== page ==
Benjamuna's Blog

Stories…. with a touch of India….

Books, books, books on College Street April 2, 2020

Many moons ago, I attended a talk about India by a travel journalist. I recently came across my notes, and among other things I had jotted down was: NB! Calcutta, College Street. When I planned my first visit to Calcutta three years ago, College Street – known to be the largest second-hand book sale in Asia or the world for that matter (statistics vary) – was high on my agenda.

College Street is rightly a street, but putting all the nearby book-ish lanes and alleys together, it becomes an area. Here you’ll find the city’s most prestigious and renowned academic institutions like University of Calcutta, Calcutta Medical College, Presidency College, Sanskrit College, Hare School and Hindu School. Not surprisingly then, the many stalls and shops sell text books and students can be seen roaming the area. In fact, text books seem to be predominantly.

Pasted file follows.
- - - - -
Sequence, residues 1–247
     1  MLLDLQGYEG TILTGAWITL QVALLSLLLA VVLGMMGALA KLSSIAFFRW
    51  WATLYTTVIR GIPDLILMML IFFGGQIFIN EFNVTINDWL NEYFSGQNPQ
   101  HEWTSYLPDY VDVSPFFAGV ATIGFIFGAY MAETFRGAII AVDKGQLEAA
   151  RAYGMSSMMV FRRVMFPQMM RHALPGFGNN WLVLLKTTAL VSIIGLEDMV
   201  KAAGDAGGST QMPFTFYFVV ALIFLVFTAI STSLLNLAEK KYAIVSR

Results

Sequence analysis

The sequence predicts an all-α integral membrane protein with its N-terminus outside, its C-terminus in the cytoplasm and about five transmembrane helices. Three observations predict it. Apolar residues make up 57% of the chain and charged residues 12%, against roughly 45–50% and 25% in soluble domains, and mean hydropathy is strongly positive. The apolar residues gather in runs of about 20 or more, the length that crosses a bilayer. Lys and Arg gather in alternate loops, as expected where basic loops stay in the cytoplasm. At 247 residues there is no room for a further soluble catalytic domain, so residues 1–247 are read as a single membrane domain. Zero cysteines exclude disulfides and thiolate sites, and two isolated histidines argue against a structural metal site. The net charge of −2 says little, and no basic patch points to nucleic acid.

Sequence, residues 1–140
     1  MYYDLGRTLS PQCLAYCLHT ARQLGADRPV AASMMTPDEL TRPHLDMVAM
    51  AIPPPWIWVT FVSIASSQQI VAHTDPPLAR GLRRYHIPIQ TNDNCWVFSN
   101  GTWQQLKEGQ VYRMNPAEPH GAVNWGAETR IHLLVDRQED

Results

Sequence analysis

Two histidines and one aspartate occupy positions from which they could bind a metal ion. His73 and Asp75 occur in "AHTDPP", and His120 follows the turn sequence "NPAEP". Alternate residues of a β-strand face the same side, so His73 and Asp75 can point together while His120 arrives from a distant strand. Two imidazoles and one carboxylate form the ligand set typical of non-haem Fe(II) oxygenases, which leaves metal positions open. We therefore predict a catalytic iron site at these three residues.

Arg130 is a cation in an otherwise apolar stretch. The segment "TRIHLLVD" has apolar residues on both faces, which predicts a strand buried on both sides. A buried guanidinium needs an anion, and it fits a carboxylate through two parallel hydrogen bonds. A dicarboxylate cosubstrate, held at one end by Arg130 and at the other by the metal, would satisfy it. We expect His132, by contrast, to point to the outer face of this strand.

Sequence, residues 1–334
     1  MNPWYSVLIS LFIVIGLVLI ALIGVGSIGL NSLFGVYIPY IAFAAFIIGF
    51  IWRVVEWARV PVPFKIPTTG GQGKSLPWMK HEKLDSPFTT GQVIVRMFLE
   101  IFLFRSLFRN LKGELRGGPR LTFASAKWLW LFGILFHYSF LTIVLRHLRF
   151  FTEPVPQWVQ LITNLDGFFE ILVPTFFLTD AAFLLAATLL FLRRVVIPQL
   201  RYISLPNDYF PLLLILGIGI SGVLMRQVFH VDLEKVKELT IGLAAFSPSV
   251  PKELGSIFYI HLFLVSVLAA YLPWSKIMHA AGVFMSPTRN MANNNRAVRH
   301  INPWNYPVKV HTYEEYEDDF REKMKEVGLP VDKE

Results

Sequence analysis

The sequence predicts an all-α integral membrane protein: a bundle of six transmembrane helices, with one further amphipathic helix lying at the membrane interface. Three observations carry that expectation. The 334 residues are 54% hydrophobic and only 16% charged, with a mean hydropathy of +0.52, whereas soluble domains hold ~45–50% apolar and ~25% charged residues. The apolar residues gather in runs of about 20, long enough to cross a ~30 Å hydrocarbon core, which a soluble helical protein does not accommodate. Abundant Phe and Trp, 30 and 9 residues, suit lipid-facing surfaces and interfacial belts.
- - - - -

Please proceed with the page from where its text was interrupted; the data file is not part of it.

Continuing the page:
I haven’t actively searched for novels on College Street, but from the many hand painted signs literary work seems to be less available. From what I’ve read, it hasn’t always been like this, but India now has Amazon and Flipkart, and people are turning to their computers here as elsewhere. Although I’m pretty sure those intent of finding that rare, long sought-after book on College Street will be able to, either by luck or hard work.
Because books are more than plenty in ‘Boi Para’; the Book Town. And that is of course an understatement … Uncountable, I’d say, at the same time I guess every stall and shop-owner has a reasonable idea about his stock.

If you’re not hunting for that special book, there are still plenty of reasons to visit College Street, like for instance the mere sight of the area. What intrigues me more than the number of books, is the various stalls; how they come in many sizes and shapes, made of different materials. Always with a man (yes, this is yet another man’s world) peeping out of an opening; small or large, made to measure, hand in glove – some not wasting a centimetre and stack their books so that their face is just about visible. What more do you need to sell a book anyway?

Some stalls are just a cupboard, others seem to be literary made of books – more spacious ones occur. And there are of course ordinary shops among the stalls, many of them highly reputable, dating years back, like Dasgupta established in 1886. College Street is also home to important publishing houses. Some of the shops have beautifully fitted furniture and a feeling of awe is never far away. Or perhaps it is fear; that all this will be lost to a modern e-world.